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Old 11-10-2006, 05:55 PM   #11
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thanks boufa, I will try a few leaves in our next curry!!
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Old 11-29-2006, 04:31 PM   #12
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boufa, I should have reported back earlier, but I did try the curry leaves, by now I used them a few times in our dinners, and it is wonderful!! I take a small handfull of the leaves, kinda crush them by hand first, then put it in the pestle and grind them together with the freshly toasted coriander seeds, and mix with other curry spices, like turmeric, ginger, cinnamon, cumin, and (later towards the end of cooking) cardamom. The combination of toasted coriander seeds and the leaves definitely fill the gap where I always thought my curry dishes were missing little something. Now I don't even use garam masala, and get a pretty decent flavour, I think I can pat myself on the back...
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Old 11-29-2006, 05:23 PM   #13
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Quote:
Originally Posted by urmaniac13
boufa, I should have reported back earlier, but I did try the curry leaves, by now I used them a few times in our dinners, and it is wonderful!! I take a small handfull of the leaves, kinda crush them by hand first, then put it in the pestle and grind them together with the freshly toasted coriander seeds, and mix with other curry spices, like turmeric, ginger, cinnamon, cumin, and (later towards the end of cooking) cardamom. The combination of toasted coriander seeds and the leaves definitely fill the gap where I always thought my curry dishes were missing little something. Now I don't even use garam masala, and get a pretty decent flavour, I think I can pat myself on the back...
Thanks for your feedback, I am glad that you were successful in your experimentation and you truly deserve a big pat on the back.

However, in case you want to try your hand at making good Nonya (Peranakan) curry chicken, here is the curry powder recipe of Mrs Leong Yee Soo, an authority on Nonya cooking based on her bestseller cookbook, Singaporean Cooking Vol 2.

1.2kg (42oz) coriander seeds
425gm (15oz) cumin seeds
285gm (10oz) aniseed
425gm (15oz) dried chillies
140gm (5oz) tumeric
140gm(5oz) white peppercorns
75gm (2-1/2oz) cinnamon bark
40 cloves
3 nutmegs
50 cardamons
2 star anise
75gm (2-1/2oz) poppy seeds (optional)

1. Wash coriander, cumin and aniseed in separate lots in a large saucepan of water. Drain well and dry in sun together with the dried chillies.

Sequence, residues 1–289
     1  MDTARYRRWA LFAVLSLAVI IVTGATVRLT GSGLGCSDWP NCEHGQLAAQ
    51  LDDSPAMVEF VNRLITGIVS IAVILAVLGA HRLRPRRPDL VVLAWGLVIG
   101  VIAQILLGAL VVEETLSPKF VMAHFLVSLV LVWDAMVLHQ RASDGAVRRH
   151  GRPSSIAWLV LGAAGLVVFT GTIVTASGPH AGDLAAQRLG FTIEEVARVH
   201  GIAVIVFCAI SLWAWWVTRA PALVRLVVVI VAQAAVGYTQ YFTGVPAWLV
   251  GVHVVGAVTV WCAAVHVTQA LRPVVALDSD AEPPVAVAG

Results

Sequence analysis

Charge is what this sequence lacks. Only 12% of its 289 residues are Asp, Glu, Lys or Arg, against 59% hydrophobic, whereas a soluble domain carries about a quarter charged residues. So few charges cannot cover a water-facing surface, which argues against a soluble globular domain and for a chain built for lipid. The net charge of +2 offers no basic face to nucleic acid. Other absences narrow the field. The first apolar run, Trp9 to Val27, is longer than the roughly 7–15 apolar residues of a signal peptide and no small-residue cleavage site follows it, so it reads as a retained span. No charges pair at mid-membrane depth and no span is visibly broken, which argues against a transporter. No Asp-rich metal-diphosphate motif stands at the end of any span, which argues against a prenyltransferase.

2. Put on a tray the rest of the ingredients except the poppy seeds. Heat oven slightly and toast the tray of ingredients for 30-45 minutes till ingredients are heated through and smell fragrant.
3. Mix all the ingredients together and blend into a fine powder. Spread to cool completely before storing in an airtight bottle.

Please note that this curry powder is only for meat dishes. Due to the strong flavour, there is no need to add curry leaves to make it any stronger.
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Old 11-29-2006, 05:33 PM   #14
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Wow, thanks for the recipe boufa!! Okay, sorry for being a pest, but upon seeing this ingredient list, I must ask you another question...

I detest the flavour of aniseed with passion, also fennel, by themselves. But these two are often called for many curry mixes and I just have been avoiding adding them to mine.

But I know some spices and herbs, also certain food can take on a surprisingly different and pleasing flavour when they are blended or cooked in certain way. And probably among some of the dishes I enjoyed at various Indian restaurants may have contained aniseed or fennel or both without my noticing, I suspect. Do the flavours of aniseed/fennel transform themselves in some way when mixed in other curry spices? Would they be still recognizable? Should I give it a try?
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Old 11-29-2006, 06:28 PM   #15
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Generally, I do not cook a lot of Indian curry dishes but I think that if a recipe calls for aniseed or fennel to be included in the mixed spices, you should do so. This way you will be able to taste the full flavour of the dish. In Indian curries, garam masala which is a blend of spices consisting of cinnamon, cardamon, cloves, fennel and black peppercorns, is used quite often to give flavour to the dish. Likewise for sambar powder, which is made up of roasted ground dhall, coriander, cumin, black pepper and fenugreek. You could however, reduce the amount of aniseed or fennel if the taste is not up to your liking.

The spice mix in meat differs very much from fish and vegetable dishes. That is what it is so unique and mysterious about the tantalising taste of curries.
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